Tuesday, June 21, 2016

Sunshine Beach: A Novel by Wendy Wax

Sunshine Beach: A Novel. Wendy Wax. Penguin Publishing Group. June 2016. 432 pp.  ISBN#: 9780425274484.  

Wendy Wax is back to offer readers hope and optimism in the face of financial and emotional loss. 

Avery’s relationship with her mother had healed but come to a shocking end upon her mother’s death, a loss keenly felt by Avery and accompanied by all too many associations to remind her of that empty spot in her life. 
Maddie has fallen in love with a former rock star who has been through success, alcohol and drug rehab, and fear only to find himself writing again and being plunged back into the spotlight, along with every worshipping female from the past. 

Nikki’s former lover, a star as well, visits Nikki and their son but wants the romance and love back; Nikki is wisely aloof although physically propelled toward him. 

Maddie, Avery and Nikki lost all their money in a Ponzi scheme at the hands of Nikki’s brother. Devising a project to pay off debt and become financially comfortable is the present goal, easier said than done.

Now Maddie’s daughter, Kyra, during one of her runs, stumbles across an old, abandoned beach hotel in terrible condition.  The friends immediately upon seeing it want to restore it and make it another, but this time independent, TV series like their past ones which ended in disaster due to bad chemistry with others in charge of the projects. However, this novel has an extra glitch and a big one at that!  It turns out that the father of the present owners was murdered in one of the beach cottages and their mother disappeared on the same evening.  This turns out to be what is now known as a cold case involving the mother’s German background during the time of the Nazis in WWII.  The sisters who own the home are afraid to tear it down for fear that whoever killed their mother will not be caught, even though it’s fifty years after the fact.  Can all these sisters have it their own way – find answers to the murder and restore a beach hotel to new grandeur and pleasure for its designers and hopefully future customers?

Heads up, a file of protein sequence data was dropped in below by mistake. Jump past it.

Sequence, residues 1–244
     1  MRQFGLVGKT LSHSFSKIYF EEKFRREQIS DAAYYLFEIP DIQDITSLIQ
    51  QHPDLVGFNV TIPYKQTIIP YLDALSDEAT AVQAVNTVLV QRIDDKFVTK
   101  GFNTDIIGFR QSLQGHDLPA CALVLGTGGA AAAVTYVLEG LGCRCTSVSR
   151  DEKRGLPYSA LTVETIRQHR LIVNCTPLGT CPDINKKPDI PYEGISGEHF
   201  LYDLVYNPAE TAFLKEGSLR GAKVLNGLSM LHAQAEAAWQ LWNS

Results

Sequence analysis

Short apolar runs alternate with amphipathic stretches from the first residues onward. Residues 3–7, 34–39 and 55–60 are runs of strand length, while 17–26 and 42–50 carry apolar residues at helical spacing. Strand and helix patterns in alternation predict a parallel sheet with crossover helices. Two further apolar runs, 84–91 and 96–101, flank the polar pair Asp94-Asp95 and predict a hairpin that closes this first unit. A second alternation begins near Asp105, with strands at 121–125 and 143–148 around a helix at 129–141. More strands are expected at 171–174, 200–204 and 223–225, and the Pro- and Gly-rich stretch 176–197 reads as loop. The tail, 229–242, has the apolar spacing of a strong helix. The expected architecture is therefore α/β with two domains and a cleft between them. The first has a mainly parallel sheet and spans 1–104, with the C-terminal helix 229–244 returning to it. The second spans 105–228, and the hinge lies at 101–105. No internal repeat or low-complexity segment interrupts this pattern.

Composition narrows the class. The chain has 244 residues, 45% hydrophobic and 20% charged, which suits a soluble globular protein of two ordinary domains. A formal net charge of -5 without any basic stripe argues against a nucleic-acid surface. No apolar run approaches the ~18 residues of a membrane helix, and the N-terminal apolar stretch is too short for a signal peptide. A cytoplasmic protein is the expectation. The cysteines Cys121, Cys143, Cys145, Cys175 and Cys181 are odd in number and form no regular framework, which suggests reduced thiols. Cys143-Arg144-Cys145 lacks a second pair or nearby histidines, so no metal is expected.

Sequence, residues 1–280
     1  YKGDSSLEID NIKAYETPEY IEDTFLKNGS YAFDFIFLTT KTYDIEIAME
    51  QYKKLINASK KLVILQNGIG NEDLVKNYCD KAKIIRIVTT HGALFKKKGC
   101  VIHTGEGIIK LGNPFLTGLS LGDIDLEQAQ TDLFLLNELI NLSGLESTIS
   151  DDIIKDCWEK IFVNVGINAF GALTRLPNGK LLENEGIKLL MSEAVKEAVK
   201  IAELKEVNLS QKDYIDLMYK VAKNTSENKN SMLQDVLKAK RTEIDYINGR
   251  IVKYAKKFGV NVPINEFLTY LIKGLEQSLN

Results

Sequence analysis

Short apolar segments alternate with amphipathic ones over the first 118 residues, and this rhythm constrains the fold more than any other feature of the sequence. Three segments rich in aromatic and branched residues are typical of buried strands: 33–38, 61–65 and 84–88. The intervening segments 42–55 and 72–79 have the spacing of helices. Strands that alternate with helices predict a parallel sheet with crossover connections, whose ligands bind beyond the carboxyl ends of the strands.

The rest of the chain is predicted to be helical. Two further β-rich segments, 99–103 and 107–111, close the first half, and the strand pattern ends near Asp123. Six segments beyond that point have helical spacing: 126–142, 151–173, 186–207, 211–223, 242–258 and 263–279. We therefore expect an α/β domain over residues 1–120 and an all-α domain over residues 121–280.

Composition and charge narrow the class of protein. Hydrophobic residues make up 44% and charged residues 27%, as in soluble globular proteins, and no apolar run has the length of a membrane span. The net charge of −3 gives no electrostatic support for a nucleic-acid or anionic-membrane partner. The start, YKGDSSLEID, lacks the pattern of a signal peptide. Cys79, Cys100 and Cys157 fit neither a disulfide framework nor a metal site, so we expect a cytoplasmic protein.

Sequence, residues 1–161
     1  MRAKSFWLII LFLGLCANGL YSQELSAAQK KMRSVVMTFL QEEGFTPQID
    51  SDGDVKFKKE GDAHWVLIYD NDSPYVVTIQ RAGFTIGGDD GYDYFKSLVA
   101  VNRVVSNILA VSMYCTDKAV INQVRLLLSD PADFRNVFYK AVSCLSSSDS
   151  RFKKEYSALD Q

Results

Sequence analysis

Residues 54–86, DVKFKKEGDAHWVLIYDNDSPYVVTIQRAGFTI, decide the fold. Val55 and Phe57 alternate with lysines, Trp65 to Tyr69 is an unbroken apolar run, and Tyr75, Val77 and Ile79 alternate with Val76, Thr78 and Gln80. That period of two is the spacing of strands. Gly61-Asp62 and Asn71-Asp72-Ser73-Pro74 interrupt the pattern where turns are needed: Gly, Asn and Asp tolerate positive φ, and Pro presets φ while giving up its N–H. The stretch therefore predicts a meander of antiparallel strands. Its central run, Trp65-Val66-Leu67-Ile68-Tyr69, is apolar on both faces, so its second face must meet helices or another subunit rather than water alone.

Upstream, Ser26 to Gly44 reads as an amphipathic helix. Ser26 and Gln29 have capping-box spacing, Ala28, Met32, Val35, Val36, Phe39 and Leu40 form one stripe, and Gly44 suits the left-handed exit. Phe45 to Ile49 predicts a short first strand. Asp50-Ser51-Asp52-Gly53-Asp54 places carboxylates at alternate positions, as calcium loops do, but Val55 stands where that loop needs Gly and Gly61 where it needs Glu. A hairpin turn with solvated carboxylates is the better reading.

Wendy Wax has done it again, putting just enough mystery, snarky comments, conflicts, and romance to make this a delightful summer read!  Nicely crafted and recommended!


Sunday, June 19, 2016

Radio Girls: A Novel by Sarah-Jane Stratford

Radio Girls: A Novel.  Sarah-Jane Stratford. Penguin Group (USA). June 2016. 384pp.  ISBN#: 9780451475565.

It’s 1926, a time when change is happening globally as life settles down after the awful events of WWI.  Maisie Musgrave is poor and unemployed but aims high by applying for a typist position at the BBC or British Broadcasting Corporation.  Talk radio is in its early days and is catching on fast in spite of the hefty price to purchase a radio license.  After a difficult interview when the interviewer indicates Maisie isn’t up to snuff as the type of person BBC hires, need rules the day and the same day she’s hired.  Her first Supervisor is a tough, tight lady who rules like a dictator, but Maisie quickly demonstrates her ability to be flexible and highly focused and becomes the assistant to Hilda Matheson, Director of the Talks Program, the latter who is actually based on the real person of that name and job.  Their liberal attitudes are constantly monitored by John Reith, the General Director-General of BBC. 

Two years later, in 1928, women over 21 may now vote in the general election.  The talks program moves from literature, entertainment, and other relatively innocent topics to politics, social change, and literature by authors of questionable moral values (for that time), and more.  Readers cannot help but react to the changes happening under Hilda and Maisie’s guiding hands.  However, Maisie is now getting the hang of writing and has a veritably unlimited list of famous people of all economic, social, religious, literary, and artistic merit whose talks are making the program so popular as to be covered by the newspapers.  While the majority of the letters and editorials are positive, there are many who fear “change” and so urge caution with future topics.

At this time Maisie reads a certain pamphlet belonging to Hilda.  The topic makes Maisie suspicious, the taking over of BBC and beginning topics that are more sedate and acceptable.  At the same time some large companies are interested in increasing their profit by engaging with business and government in Germany.  The remainder of the novel describes Maisie’s investigation and shocking discoveries.  Here then is another novel, written in a mystery style, that addresses the supposedly innocuous ways that dictatorships rise to power under the guise of shaping public values and opinions. 

Hilda and Maisie are dynamic characters whose interaction with each other and other notable character inside and outside of the BBC are so intriguing as to keep the reader riveted to this story which ends far too soon.  This reviewer loved the style, the way the plot complexity increases to the level of final high pitch, the intriguing story of how radio talk shows began and developed, and how prosperity jettisons a country into new and different ways of perceiving culture.  A brief biography of Hilda Matheson and a Reader’s Discussion Guide follows the novel. Magnificent writing and story, Sarah-Jane Stratford!!!! A MUST read!!!


Wednesday, June 15, 2016

Risuko: A Kunoichi Tale by David Kudler

Risuko: A Kunoichi Tale.  David Kudler. Stillpoint Digital Press. June 2016. 234 pp.  ISBN#: 9781938808326.